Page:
2011 Ben Lamb 6,036 Chris Moorman 5,875 2.7%
2012 Greg Merson 5,100 Dan Smith 5,040 1.2%
2013 Daniel Negreanu 5,140 Paul Volpe 4,298 16.4%
2014 Daniel Colman 5,498 Ami Barer 5,042 8.3%
2015 Anthony Zinno 6,632 Joe Kuether 6,070 8.5%
2016 David Peters 8,601 Fedor Holz 7,058 17.9%
2017 Adrian Mateos 7,220 Bryn Kenney 7,173 0.7%
2018 Jake Schindler 9,407 Stephen Chidwick 8,845 6.0%


  • Men Nguyen won the award a record four times (1997, 2001, 2003, and 2005).
  • T.J. Cloutier (1998 and 2002), David Pham (2000 and 2007), and Daniel Negreanu (2004 and 2013) have won twice each.
  • Negreanu outpointed second place by the largest (2004) and third largest (2013) margins. Merson (2012) eked by with the smallest margin. Mateos edged Kenney by a mere 47 points (0.7%) for the 2017 crown. Fedor Holz finished third for a second consecutive medal finish.

Here are the all-time records for Points, Titles, and Final Tables with data going back to the rule changes of 2004.

Most Player of the Year Points

Rank Year Player Points Titles Final Tables Winnings
1 2018 Jake Schindler 9,407 6 31 $8,731,019
2 2018 Stephen Chidwick 8,845 5 26 $9,950,805
3 2004 Daniel Negreanu 8,764 4 11 $4,420,221
4 2016 David Peters 8,601 5 22 $7,370,255
5 2018 Alex Foxen 8,259 5 18 $6,606,037
6 2018 David Peters 8,059 7 26 $10,598,504
7 2018 Justin Bonomo 7,752 10 23 $25,295,441
8 2017 Adrian Mateos 7,220 4 22 $5,664,635
9 2017 Bryn Kenney 7,173 5 23 $8,201,128
10 2004 David Pham 7,068 5 15 $1,533,268


  • David Peters and Justin Bonomo became the first players to finish in the Top 10 in a season four times. David Pham was the first player to finish in the Top 10 three times way back in 2008. Jason Mercier matched him in 2015, Bonomo and Peters in 2016, and Schindler in 2018.
  • Erik Seidel, Jason Mercier, Joseph Mckeehen, and David Peters are the only players to finish in the Top 25 five times. Phan, Dan Smith, Daniel Negreanu, J.C. Tran, John Juanda, Steve O’Dwyer, Erick Lindgren, Nick Petrangelo, and Schindler have each done it four times. Mckeehen has the record with five straight, one ahead of Tran and Petrangelo (both Mckeehen’s and Petrangelo’s streaks are alive).
  • Vanessa Selbst is the only women to finish in the Top 25, which she had done three times with two Top 10 finishes before retiring at the start of 2018.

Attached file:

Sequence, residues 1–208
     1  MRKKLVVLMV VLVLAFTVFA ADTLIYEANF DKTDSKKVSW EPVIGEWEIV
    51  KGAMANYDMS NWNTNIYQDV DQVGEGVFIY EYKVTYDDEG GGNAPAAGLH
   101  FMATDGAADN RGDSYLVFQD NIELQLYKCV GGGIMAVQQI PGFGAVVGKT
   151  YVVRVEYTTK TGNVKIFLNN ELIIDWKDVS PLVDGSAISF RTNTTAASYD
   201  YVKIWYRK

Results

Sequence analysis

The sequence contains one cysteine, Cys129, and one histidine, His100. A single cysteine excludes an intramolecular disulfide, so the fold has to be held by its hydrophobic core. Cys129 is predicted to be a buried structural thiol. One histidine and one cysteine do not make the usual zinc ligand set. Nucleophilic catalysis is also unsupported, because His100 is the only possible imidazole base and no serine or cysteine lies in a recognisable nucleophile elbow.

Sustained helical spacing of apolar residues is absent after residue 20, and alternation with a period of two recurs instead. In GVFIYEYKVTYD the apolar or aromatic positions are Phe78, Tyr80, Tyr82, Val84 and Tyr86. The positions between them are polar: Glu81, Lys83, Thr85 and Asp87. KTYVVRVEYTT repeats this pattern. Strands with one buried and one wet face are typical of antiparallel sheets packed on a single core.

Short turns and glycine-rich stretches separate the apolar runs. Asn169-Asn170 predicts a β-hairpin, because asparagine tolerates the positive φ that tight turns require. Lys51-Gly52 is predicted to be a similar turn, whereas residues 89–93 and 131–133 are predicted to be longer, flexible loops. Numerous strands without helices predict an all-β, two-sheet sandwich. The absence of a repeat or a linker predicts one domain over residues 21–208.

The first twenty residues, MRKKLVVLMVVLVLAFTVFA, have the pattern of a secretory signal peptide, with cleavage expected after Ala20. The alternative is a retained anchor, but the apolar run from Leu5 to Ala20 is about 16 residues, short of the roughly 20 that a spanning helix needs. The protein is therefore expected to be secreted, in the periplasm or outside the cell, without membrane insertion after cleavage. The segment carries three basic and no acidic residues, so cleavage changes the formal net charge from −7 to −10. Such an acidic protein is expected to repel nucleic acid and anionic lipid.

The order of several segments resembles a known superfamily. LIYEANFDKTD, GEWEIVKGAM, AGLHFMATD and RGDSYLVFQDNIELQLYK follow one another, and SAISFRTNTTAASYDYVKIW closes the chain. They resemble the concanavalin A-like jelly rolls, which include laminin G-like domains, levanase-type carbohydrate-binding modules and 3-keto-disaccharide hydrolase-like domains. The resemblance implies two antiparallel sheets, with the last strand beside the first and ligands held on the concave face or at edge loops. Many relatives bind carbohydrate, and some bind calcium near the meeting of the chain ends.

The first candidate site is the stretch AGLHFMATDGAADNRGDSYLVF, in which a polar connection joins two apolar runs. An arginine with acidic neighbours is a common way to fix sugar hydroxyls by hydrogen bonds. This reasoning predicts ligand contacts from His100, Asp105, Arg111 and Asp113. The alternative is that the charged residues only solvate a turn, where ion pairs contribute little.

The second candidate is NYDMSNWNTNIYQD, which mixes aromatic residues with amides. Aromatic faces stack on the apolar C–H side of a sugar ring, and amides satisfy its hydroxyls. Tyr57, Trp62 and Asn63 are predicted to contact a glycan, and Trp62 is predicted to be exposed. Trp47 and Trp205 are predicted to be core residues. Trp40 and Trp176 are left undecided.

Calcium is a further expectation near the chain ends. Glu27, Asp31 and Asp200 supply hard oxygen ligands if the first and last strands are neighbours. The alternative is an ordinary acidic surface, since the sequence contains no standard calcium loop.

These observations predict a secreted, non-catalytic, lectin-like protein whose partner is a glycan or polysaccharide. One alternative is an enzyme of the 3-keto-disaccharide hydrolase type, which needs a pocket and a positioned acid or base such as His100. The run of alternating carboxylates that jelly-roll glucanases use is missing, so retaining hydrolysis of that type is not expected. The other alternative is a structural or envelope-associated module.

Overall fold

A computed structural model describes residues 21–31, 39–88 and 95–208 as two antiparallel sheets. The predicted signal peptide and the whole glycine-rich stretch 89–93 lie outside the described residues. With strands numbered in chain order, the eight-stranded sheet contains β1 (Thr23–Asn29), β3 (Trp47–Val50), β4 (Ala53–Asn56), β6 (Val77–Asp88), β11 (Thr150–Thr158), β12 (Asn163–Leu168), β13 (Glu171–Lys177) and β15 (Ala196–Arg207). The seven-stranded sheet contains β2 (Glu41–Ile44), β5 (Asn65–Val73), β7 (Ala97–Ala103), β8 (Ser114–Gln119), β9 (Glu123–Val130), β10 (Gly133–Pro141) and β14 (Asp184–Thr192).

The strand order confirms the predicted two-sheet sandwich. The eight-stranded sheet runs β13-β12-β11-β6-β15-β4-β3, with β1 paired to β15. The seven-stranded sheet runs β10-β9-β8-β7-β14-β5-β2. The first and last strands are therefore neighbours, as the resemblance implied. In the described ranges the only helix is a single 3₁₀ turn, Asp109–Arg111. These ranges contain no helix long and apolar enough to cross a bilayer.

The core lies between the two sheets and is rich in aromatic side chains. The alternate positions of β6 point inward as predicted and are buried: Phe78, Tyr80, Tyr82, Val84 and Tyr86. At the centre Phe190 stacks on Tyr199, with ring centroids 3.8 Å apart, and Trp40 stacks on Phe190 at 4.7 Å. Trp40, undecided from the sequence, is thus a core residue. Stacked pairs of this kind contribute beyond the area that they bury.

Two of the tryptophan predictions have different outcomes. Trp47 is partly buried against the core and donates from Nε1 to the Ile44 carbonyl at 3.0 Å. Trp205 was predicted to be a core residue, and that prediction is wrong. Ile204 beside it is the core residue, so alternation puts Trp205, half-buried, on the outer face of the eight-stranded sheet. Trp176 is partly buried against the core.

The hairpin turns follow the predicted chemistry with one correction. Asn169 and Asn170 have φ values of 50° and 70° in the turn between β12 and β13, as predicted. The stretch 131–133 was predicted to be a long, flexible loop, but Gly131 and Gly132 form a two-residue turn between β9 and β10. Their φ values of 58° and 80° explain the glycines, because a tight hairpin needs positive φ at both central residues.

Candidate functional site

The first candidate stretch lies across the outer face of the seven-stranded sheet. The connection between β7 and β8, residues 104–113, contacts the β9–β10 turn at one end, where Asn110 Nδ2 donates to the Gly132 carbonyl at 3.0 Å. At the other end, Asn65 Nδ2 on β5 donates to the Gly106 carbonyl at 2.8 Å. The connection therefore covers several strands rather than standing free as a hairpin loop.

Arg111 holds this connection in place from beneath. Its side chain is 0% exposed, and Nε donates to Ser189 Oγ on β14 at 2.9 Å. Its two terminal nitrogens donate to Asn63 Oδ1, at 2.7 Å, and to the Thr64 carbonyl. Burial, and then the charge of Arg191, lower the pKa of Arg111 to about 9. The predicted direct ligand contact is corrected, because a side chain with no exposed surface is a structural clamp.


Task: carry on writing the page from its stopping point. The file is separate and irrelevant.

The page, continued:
Most Titles

Rank Year Player Points Titles Final Tables Winnings
1 2018 Justin Bonomo 7,752 10 23 $25,295,441
2 2018 David Peters 8,059 7 26 $10,598,504
3 2018 Jake Schindler 9,407 6 31 $8,731,019
2018 Rainer Kempe 5,924 26 $5,464,179
2018 Sam Soverel 3,355 18 $2,522,258
2005 John Hoang 3,267 17 $492,817
2018 Sean H. Yu 1,206 13 $190,027
2008 Men Nguyen 3,662 10 $776,832
2012 Dan Smith 5,040 9 $3,673,806
2018 David Brookshire 1,758 9 $284,817


  • With another increase in tournaments to choose from, the Top 10 was rewritten this year with seven 2018 results, including a new leader and runner-up.

Most Final Tables

Rank Year Player Points Titles Final Tables Winnings
1 2018 Jake Schindler 9,407 6 31 $8,731,019
2 2018 Stephen Chidwick 8,845 5 26 $9,950,805
2018 David Peters 8,059 7 $10,598,504
2018 Rainer Kempe 5,924 6 $5,464,179
5 2018 Justin Bonomo 7,752 10 23 $25,295,441
2017 Bryn Kenney 7,173 5 $8,201,128
7 2016 David Peters 8,601 5 22 $7,370,255
2017 Adrian Mateos 7,220 4 $5,664,635
2004 Gioi Luong 5,006 4 $504,004
10 2018 Adrian Mateos 6,477 3 21 $4,844,609


  • Like the previous two lists, 2018 obliterated the old standings with six new entries including the top four.
  • Luong topped this list from 2004 until 2016 but is hardly a household name. The Californian has never won a WSOP bracelet, and his biggest cash was $290,792 for a runner-up finish in a WSOP circuit event in 2007.

Highest Earnings

Rank Year Player Points Titles Final Tables Winnings
1 2018 Justin Bonomo 7,752 10 23 $25,295,441
2 2014 Daniel Colman 5,498 4 8 $22,319,279
3 2012 Antonio Esfandiari 3,330 2 4 $18,992,281
4 2016 Fedor Holz 7,058 6 15 $16,288,714
5 2018 Mikita Badziakouski 4,926 5 11 $14,594,839
6 2018 Jason Koon 5,827 3 16 $12,404,918
7 2014 Martin Jacobson 4,148 2 5 $10,677,589
8 2018 David Peters 8,059 7 26 $10,598,504
9 2018 Stephen Chidwick 8,845 5 26 $9,950,805
10 2012 Greg Merson 5,100 2 2 $9,664,179


  • Before 2018, this list was entirely composed of Big One for One Drop winners (Colman and Esfandiari) and World Series of Poker Main Event during champions (everyone else). With the proliferation of High Roller events, 2018 added five players from neither category, including Bonomo at the top. Peter Eastgate, Jonathan Duhamel, Pius Heinz are next three on the list.3


  1. In 2012, Greg Merson beat Dan Smith by 60 points (5,100 to 5,040) for a 1.18% margin, while Mateos overcame Kenney by just 57 points and a mere 0.65%.
  2. Mateos first made a name for himself by winning the 2013 WSOP Europe Main Event in 2013 when he was just 19.
  3. Jamie Gold is notably missing from the list because it was one of the years where the WSOP Main Event didn’t count toward the standings.

“Cowboys Full” Review

[LL] “James McManus’s Cowboys Full – The Story of Poker came out just a year after Des Wilson’s Ghosts at the Table, so it makes sense to compare and contrast them.”